2000 and beyondModern-day St. Augustine: The city celebrates its 445th anniversary in 2010. Modern St. Augustine is a blend of its historical roots with contemporary American culture, drawing millions of visitors each year to its historic sites, beaches, and festivals. As the city approaches its 450th anniversary in 2015, it continues to be a testament to the rich tapestry of cultures that have shaped it.

Major Facts about St. Augustine

Location of St. Augustine in the United States

These facts further reinforce St. Augustine as a unique and historically significant location in the United States.

  • Oldest Established City: Founded in 1565 by Spanish explorers, St. Augustine is the oldest continuously inhabited European-established settlement in the contiguous United States.
  • Ponce de León: Often associated with the legend of the Fountain of Youth, Spanish explorer Ponce de León first landed in Florida in 1513 and is often mistakenly linked to St. Augustine’s foundation.
  • Spanish Colonial Architecture: St. Augustine is renowned for its well-preserved Spanish colonial architecture, offering a glimpse into its historical roots.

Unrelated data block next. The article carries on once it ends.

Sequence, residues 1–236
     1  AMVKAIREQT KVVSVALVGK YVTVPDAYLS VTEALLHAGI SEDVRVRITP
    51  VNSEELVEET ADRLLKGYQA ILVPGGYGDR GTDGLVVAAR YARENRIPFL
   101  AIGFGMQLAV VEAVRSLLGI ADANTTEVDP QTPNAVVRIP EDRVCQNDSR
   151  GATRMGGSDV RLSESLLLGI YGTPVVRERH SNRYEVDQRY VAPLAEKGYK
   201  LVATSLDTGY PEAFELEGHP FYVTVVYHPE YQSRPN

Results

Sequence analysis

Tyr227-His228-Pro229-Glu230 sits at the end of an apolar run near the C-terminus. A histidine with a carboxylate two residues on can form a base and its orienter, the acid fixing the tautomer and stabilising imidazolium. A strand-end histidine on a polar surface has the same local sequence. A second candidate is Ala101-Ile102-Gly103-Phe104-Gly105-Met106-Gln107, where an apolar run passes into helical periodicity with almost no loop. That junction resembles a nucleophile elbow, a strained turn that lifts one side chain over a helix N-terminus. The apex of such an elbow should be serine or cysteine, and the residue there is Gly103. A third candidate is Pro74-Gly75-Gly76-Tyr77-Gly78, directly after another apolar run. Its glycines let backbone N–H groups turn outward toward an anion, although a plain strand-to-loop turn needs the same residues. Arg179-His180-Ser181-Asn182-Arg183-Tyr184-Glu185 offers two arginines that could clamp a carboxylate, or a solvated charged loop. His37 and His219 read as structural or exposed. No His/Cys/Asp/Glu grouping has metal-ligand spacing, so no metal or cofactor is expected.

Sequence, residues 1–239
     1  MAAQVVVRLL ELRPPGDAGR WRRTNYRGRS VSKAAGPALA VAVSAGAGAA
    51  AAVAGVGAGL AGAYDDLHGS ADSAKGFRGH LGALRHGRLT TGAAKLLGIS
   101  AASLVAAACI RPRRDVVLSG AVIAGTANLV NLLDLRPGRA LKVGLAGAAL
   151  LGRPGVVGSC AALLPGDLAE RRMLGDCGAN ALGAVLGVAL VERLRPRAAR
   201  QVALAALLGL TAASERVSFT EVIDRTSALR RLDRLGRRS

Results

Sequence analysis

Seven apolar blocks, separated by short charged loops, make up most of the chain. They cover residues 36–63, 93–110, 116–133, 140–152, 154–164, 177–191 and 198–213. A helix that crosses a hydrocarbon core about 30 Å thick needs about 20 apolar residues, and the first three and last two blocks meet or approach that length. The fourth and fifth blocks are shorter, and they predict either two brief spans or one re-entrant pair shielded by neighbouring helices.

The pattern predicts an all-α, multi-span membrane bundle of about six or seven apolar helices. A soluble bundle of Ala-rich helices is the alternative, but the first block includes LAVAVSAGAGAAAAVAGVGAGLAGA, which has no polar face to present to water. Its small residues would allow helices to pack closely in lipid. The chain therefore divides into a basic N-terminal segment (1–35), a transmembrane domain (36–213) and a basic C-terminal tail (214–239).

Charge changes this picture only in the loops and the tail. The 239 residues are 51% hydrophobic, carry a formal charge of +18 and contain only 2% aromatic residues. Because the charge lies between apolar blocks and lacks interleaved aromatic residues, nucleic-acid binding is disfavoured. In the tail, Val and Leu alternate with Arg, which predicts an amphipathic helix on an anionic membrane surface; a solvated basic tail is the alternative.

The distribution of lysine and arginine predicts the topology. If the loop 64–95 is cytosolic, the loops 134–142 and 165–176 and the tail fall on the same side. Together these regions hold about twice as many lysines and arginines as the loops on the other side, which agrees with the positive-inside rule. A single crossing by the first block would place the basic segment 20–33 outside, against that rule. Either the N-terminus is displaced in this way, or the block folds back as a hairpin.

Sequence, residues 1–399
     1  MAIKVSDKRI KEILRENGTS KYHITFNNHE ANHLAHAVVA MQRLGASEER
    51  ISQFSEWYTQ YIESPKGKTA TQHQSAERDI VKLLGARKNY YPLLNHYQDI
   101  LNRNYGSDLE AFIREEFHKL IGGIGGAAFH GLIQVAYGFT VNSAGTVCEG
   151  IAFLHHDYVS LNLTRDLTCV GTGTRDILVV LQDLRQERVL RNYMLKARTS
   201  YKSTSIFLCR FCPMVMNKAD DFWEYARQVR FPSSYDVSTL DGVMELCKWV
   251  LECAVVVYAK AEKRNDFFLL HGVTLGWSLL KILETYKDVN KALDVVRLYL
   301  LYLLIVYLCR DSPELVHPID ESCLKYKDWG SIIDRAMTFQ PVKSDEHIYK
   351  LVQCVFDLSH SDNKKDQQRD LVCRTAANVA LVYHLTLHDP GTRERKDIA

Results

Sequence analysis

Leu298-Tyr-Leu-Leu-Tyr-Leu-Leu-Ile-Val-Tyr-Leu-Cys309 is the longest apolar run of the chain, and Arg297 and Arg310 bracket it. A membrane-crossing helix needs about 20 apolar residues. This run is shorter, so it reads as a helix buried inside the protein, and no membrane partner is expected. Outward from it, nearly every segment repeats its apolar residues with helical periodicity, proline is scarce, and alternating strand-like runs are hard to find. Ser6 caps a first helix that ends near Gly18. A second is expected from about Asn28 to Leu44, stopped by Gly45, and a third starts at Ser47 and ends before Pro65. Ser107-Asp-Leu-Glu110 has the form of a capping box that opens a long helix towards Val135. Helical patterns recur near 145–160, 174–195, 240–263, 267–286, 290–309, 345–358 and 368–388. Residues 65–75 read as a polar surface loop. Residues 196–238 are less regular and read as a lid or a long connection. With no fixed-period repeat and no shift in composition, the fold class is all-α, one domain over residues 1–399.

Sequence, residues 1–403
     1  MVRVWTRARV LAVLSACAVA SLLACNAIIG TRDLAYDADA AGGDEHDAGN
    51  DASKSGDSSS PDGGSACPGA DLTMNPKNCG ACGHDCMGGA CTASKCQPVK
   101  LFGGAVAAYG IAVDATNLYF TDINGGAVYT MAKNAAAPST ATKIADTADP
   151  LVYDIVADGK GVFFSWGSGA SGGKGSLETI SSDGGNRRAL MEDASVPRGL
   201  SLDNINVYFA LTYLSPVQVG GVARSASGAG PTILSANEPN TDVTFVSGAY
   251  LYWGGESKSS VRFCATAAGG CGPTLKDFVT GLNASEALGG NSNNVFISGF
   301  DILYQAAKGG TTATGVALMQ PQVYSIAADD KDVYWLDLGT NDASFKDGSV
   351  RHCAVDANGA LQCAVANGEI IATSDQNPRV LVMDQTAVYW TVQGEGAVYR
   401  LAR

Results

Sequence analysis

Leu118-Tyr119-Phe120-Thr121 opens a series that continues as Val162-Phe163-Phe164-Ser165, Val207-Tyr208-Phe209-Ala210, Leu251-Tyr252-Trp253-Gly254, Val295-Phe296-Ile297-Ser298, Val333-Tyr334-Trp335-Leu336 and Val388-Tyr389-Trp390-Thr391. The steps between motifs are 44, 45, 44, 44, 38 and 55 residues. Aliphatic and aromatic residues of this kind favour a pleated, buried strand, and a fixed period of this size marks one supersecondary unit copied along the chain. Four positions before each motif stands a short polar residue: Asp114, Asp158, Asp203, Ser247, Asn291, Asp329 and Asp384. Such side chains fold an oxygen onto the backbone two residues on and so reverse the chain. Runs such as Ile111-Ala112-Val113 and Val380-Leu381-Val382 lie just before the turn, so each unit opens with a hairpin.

• Flagler College: Originally the luxurious Ponce de León Hotel built by Henry Flagler in 1888, this historic site is now part of Flagler College.
  • St. Augustine Lighthouse: This iconic lighthouse, built in 1874, is an operational lighthouse and museum, offering panoramic views of the city and surrounding waters.
  • St. Augustine Alligator Farm: Established in 1893, it’s one of Florida’s oldest continuously operating attractions.
  • The Castillo de San Marcos: Located in St. Augustine, Florida, this structure holds the title as the oldest masonry fort in the contiguous United States. Constructed between 1672 and 1695 by the Spanish, it stands as a monument to the conflicts and alliances that shaped the history of North America. With its star-shaped design, the fort has withstood sieges and wars, becoming a National Monument that showcases the enduring Spanish influence on Florida’s architecture and history.

Castillo de San Marcos: This iconic fort, built between 1672 and 1695, is the oldest masonry fort in the U.S. and is a National Monument.

  • Diverse History: Over the centuries, St. Augustine has been under Spanish, British, and American rule, giving it a rich and diverse cultural history.
  • Narrow Streets: Many streets in the historic district, like Aviles Street, maintain their original narrow, meandering layout from the Spanish colonial era.
  • Annual Nights of Lights: A popular holiday event where the city is adorned with millions of white lights, reflecting the city’s Spanish tradition of displaying a white candle during the Christmas holidays.

The coat of arms of St. Augustine, Florida, reflects its rich history and Spanish heritage. It incorporates elements reminiscent of the city’s founding by Spanish explorers in 1565. As with many heraldic symbols, the coat of arms serves as a visual representation of St. Augustine’s identity, legacy, and significance in American history. Image: Coat of arms of St. Augustine